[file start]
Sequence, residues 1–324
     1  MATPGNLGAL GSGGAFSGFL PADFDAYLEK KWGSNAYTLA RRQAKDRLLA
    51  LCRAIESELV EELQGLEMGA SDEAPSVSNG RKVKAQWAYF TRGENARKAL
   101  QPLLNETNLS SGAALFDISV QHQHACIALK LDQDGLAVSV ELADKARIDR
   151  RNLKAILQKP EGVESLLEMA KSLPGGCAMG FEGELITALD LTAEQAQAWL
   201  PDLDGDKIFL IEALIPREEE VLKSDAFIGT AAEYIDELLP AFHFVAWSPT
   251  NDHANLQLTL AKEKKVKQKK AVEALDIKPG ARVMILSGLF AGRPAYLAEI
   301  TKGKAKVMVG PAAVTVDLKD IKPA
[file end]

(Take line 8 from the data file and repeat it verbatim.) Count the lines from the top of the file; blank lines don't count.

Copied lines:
   301  TKGKAKVMVG PAAVTVDLKD IKPA